Tony Blair had one simple job to do in his make-or-break conference speech.
He had to persuade his party to stick with him.
But what could he tell them, what could he offer the delegates to finally end the crisis over his leadership that is overshadowing everything the government does?
His job was made doubly difficult by the previous day's speech from chancellor Gordon Brown, who had set out his leadership stall by laying claim to the party's soul.
The prime minister's greatest weapon, the one he has used time and again in the past, had been denied him.
Mr Blair urged party to take him - or leave him
He could not ask the conference to trust him - that would have been too big a risk.
Instead he chose to appeal to the head and to deploy what many saw as the nuclear option.
He told them he could not and would not do things differently.
"All you can do in a modern world is to decide what is the right way and try to walk in it.
"It's not being out of touch. After six years, more battered without but stronger within, it's the only leadership I can offer.
"And it's the only leadership worth taking."
Put simply - and it was said without anger or bitterness - "take me as I am or don't take me at all". High stakes indeed.
He refused to apologise for any of his past acts, particularly ridding the world of Saddam Hussein.
And he insisted, as advertised, that he would press ahead with his reforms to public services and student finances.
But the language was less confrontational than some had feared.
It was a case of explaining rather than insisting, more inclusive than presidential.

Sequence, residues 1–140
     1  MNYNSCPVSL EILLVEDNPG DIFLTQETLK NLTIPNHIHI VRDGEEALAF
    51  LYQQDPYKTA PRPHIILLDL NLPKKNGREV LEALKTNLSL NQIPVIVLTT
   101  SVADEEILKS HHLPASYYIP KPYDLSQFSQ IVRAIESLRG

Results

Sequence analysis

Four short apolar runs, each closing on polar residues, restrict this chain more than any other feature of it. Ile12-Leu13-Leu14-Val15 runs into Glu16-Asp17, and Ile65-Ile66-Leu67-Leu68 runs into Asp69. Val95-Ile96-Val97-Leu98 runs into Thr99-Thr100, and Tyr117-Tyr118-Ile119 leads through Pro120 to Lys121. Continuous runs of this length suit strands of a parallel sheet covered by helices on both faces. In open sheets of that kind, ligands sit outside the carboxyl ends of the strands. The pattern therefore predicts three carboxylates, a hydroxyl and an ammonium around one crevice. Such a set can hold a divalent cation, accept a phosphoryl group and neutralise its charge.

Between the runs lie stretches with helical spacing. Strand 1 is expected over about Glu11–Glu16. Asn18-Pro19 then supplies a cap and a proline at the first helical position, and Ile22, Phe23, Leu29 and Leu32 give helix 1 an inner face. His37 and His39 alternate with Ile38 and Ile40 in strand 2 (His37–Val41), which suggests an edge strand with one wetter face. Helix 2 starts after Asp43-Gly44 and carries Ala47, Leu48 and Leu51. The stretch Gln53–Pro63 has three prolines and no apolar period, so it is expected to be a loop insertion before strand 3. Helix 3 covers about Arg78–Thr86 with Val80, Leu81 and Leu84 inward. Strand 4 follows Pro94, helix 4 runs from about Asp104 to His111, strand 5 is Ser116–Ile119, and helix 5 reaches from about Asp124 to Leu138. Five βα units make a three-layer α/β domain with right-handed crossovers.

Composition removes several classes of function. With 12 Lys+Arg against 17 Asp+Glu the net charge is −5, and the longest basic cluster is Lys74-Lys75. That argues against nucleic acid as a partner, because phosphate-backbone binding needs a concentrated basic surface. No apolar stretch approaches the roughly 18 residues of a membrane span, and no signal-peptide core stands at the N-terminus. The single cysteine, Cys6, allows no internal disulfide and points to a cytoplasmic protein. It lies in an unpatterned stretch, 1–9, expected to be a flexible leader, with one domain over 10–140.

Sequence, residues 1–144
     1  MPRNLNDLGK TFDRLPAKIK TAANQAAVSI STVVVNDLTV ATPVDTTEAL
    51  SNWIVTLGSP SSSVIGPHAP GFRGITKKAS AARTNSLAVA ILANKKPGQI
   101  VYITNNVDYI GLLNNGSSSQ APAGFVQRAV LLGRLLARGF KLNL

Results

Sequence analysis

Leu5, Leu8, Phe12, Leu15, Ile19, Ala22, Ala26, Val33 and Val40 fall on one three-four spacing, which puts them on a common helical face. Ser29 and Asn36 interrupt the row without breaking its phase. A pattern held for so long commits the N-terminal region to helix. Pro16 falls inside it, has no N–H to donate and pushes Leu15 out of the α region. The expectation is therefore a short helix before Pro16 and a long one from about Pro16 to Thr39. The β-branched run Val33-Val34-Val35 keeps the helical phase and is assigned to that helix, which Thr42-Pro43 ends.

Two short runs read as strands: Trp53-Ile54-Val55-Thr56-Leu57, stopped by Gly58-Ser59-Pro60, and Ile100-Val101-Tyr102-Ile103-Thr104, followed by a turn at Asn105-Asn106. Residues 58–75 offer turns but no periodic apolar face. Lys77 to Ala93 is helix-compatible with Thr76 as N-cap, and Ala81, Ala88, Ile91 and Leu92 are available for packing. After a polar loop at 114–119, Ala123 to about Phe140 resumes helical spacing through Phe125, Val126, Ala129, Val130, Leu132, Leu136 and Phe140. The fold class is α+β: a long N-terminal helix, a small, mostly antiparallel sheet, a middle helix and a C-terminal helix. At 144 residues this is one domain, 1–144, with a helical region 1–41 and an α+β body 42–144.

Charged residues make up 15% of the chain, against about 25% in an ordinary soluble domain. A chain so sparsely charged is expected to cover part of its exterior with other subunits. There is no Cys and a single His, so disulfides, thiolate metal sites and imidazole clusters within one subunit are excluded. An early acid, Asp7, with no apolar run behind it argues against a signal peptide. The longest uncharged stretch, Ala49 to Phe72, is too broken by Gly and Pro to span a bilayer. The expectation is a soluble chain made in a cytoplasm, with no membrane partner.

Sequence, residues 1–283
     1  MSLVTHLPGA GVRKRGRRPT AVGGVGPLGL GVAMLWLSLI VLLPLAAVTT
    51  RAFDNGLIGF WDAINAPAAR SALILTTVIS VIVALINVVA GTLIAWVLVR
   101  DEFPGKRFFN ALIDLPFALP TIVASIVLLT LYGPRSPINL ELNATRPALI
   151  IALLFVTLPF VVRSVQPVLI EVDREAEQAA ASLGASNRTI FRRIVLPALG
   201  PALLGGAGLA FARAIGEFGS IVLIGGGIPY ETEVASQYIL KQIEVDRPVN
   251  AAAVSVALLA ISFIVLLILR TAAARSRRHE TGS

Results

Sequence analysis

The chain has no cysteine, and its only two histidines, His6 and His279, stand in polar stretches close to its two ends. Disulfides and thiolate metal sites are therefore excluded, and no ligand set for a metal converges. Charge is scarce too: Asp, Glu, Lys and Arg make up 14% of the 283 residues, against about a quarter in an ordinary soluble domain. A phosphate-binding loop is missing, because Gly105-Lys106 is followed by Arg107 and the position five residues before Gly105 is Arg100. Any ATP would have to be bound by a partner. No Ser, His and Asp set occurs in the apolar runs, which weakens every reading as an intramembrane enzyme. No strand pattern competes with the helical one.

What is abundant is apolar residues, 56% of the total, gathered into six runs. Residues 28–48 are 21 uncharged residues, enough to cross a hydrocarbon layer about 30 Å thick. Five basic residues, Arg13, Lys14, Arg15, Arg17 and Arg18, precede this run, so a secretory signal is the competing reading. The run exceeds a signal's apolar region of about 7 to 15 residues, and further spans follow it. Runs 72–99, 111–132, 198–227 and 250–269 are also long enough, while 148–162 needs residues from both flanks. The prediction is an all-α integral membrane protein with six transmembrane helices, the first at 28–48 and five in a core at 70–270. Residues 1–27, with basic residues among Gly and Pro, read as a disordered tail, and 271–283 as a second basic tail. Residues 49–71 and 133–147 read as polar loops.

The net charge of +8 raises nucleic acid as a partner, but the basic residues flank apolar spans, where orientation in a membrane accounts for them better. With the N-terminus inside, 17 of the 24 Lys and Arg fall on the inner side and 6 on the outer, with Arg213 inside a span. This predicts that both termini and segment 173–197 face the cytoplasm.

And the whole carefully scripted and stage-managed event was designed to place him in the heart of his party.
Instead of standing alone and apart from the conference he was surrounded by supportive members.
His speech was littered with the word "we".
That is not an easy trick to pull off for a Labour prime minister who has never been seen as a creature of his party.
And it only partly worked.
His attempt to use the big scare, as previewed by the likes of party chairman Ian McCartney earlier in the week, also only partly worked.
His recalling of Neil Kinnock's famous 1985 battle with Militant won applause, but it suggested his critics were from the same mould.
He did not duck any of the hard questions but he asked the party to follow him
They will not like that.
It also suggested, with some good reason, that that is as deep as his Labour roots go.
His "vision thing" was better - not just an historic third term but an historic realignment of the political forces shaping Britain and the world.
It was a highly personal speech, even an appeal, tinged with what occasionally appeared genuine emotion.
He did not duck any of the hard questions but he asked the party to follow him.
And most of them are still at least a little bit - and some quite a lot - bewitched by him.
After all he is the man who delivered this record term of office.
But they love him not as one of them but as an outsider who they can't take completely into their hearts and who often bemuses them but who they can't now imagine living without. Until now.
The prime minister started by accepting the troubles besetting him and declaring: "So what do we do? Give up on it or get on with it. That is the question."
In fact, more might have been Hamlet's quote "to be or not to be, that is the question".
Before he spoke it most certainly was the question and despite a powerful, chest-baring speech, it probably still is.